Dear regular reader, by now you should be aware that I tend to think outside the box. My affiliation to astro-photography should be known, at least to readers of the knightsQRSS list of a couple of years ago, when I proposed stacking spectra to improve the SNR, as it is done in webcam-astro-photography.
So, here's another one for you, now we are crossing computing, the extreme corner of modding that is, with astronomy / astro-photography.
As we all know, human (biological) night vision (scotopic vision) is controlled by a molecule called "rhodopsin" which takes a couple of ten minutes to build up (cf. adaptation). It triggers the rods to go into night mode. In human vision, the rods create a gray-scale visual impression, like a good ole B&W-TV. The problem with scotopic vision is, that is disappears when a certain amount of light within the scopic wavelength range is seen (literally). Luckily, however, the scoptopic range ends at about 620nm. Meaning that red light will not affect scoptopic vision, i.e. red light will preserve the rhodopsin level in the rods. This is actually the reason why the night illumination on yachts, warships and vessels alike is red.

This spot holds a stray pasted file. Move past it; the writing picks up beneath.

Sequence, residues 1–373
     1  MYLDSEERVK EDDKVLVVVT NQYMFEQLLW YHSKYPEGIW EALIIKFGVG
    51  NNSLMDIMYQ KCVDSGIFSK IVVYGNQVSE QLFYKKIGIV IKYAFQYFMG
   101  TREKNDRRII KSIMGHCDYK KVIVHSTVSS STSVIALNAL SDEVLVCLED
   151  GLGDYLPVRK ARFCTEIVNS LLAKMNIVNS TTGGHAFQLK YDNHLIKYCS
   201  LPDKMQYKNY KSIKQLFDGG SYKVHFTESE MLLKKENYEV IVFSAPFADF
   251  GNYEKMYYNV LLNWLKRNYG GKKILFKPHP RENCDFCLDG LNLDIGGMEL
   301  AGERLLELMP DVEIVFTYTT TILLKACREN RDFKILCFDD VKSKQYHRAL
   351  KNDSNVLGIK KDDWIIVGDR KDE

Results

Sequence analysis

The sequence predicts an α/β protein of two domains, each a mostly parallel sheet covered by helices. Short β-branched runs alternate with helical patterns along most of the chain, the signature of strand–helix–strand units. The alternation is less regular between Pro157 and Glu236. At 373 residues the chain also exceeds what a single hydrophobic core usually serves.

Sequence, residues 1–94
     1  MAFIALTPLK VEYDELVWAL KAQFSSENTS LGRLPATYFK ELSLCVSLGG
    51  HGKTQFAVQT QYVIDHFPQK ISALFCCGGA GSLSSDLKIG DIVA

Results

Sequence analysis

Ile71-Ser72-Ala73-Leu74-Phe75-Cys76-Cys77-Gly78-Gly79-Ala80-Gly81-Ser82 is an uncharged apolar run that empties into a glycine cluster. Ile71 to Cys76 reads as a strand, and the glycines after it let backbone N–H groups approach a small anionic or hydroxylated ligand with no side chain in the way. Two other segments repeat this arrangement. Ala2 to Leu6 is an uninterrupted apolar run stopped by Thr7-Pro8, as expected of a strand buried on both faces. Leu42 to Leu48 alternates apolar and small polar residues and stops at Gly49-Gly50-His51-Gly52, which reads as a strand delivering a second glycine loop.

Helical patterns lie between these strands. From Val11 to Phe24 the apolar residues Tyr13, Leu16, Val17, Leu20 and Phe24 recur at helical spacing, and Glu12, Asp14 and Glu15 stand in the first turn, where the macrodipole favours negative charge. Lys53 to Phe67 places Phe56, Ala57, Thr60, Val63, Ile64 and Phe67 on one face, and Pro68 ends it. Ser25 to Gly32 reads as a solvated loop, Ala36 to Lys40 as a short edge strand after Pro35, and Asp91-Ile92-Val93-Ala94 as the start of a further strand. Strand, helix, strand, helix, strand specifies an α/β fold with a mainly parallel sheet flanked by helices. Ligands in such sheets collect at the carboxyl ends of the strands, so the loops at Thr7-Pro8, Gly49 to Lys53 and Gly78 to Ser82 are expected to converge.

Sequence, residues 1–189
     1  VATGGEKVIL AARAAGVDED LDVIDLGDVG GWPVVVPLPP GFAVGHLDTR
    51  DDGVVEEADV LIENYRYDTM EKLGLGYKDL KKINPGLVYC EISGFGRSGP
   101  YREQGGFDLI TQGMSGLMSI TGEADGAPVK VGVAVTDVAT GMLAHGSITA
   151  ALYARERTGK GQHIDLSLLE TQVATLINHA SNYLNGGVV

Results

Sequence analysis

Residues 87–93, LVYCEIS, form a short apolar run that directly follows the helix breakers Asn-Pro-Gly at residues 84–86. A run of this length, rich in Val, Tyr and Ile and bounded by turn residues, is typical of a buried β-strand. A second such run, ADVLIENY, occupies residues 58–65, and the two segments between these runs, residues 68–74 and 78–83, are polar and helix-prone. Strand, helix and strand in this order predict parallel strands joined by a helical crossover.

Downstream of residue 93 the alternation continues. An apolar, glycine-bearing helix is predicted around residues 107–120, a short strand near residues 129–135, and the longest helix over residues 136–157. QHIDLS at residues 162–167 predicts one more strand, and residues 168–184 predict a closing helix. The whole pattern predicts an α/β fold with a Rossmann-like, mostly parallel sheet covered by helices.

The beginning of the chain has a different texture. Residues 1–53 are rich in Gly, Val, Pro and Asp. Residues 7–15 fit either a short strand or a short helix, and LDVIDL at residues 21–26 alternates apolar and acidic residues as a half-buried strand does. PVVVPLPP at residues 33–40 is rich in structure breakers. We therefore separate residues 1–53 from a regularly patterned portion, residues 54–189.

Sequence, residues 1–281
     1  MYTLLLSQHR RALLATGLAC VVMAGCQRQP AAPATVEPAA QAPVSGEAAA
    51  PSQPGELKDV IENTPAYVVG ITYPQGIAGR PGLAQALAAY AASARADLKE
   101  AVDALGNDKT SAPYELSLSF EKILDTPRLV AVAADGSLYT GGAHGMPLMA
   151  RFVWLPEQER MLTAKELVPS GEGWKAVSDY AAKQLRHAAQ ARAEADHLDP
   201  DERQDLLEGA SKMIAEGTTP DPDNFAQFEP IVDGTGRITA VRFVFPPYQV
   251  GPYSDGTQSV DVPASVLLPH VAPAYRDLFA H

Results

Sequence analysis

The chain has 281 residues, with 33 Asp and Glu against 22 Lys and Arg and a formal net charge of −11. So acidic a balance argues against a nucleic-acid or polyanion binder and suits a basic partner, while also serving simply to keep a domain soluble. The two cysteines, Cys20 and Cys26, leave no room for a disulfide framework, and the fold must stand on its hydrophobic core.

Now, check out the spectrum of red LEDs.
Now, lets turn to computer modding, something I never actually understood. To me, a computer has to perform and that's about it. Overclocking is somewhat understandable, so is watercolling, which are both concerned with performance.
Modding seems to be about visual appearance of a computer, which I personally never cared about. However, look at the recent IBM mainframes, i.e. zEnterprise architecture, these boxes are all odd, prismatic and what not. Did IBM copy the needs of modders to apply it to boxes worth millions of bucks? It seems so!
Modders are also interested in illumination effects of their boxes. Here it starts becoming interesting for the astronomer. Next to mean green and cool blue, there also is hot red illumination available for the modder.
Check this out!
Here comes the link between the two, modding and astronomy: in a modern observatory a computer is mandantory, to check sky-charts, control the dome, control the telescope mount or record data from a digital camera. A computer is found in every observatory I know, be it professional, be it hobbyist, be it amateur.
So, instead of illuminating the inside of your computer, you could equally use the device to illuminate the outside of your computer sitting in the observatory, hence the observatory, with a chain of red LEDs, preserving your scotopic vision during your astro session.